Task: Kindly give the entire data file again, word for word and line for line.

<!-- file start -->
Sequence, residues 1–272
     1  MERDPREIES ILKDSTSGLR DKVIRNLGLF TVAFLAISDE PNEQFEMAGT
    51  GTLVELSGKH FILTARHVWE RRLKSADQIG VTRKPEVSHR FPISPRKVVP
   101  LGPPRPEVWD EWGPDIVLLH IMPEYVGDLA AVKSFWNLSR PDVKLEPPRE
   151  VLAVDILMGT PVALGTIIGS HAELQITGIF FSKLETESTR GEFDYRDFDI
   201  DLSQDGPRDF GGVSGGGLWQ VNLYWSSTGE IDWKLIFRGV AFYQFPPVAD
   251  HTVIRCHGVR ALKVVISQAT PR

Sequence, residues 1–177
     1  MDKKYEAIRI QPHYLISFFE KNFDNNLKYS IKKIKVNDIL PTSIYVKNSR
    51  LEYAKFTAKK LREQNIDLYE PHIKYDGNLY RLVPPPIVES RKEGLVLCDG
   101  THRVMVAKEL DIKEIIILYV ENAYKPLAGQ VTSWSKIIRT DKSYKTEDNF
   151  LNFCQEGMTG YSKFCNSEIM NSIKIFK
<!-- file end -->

Sequence, residues 1–272
     1  MERDPREIES ILKDSTSGLR DKVIRNLGLF TVAFLAISDE PNEQFEMAGT
    51  GTLVELSGKH FILTARHVWE RRLKSADQIG VTRKPEVSHR FPISPRKVVP
   101  LGPPRPEVWD EWGPDIVLLH IMPEYVGDLA AVKSFWNLSR PDVKLEPPRE
   151  VLAVDILMGT PVALGTIIGS HAELQITGIF FSKLETESTR GEFDYRDFDI
   201  DLSQDGPRDF GGVSGGGLWQ VNLYWSSTGE IDWKLIFRGV AFYQFPPVAD
   251  HTVIRCHGVR ALKVVISQAT PR

Sequence, residues 1–177
     1  MDKKYEAIRI QPHYLISFFE KNFDNNLKYS IKKIKVNDIL PTSIYVKNSR
    51  LEYAKFTAKK LREQNIDLYE PHIKYDGNLY RLVPPPIVES RKEGLVLCDG
   101  THRVMVAKEL DIKEIIILYV ENAYKPLAGQ VTSWSKIIRT DKSYKTEDNF
   151  LNFCQEGMTG YSKFCNSEIM NSIKIFK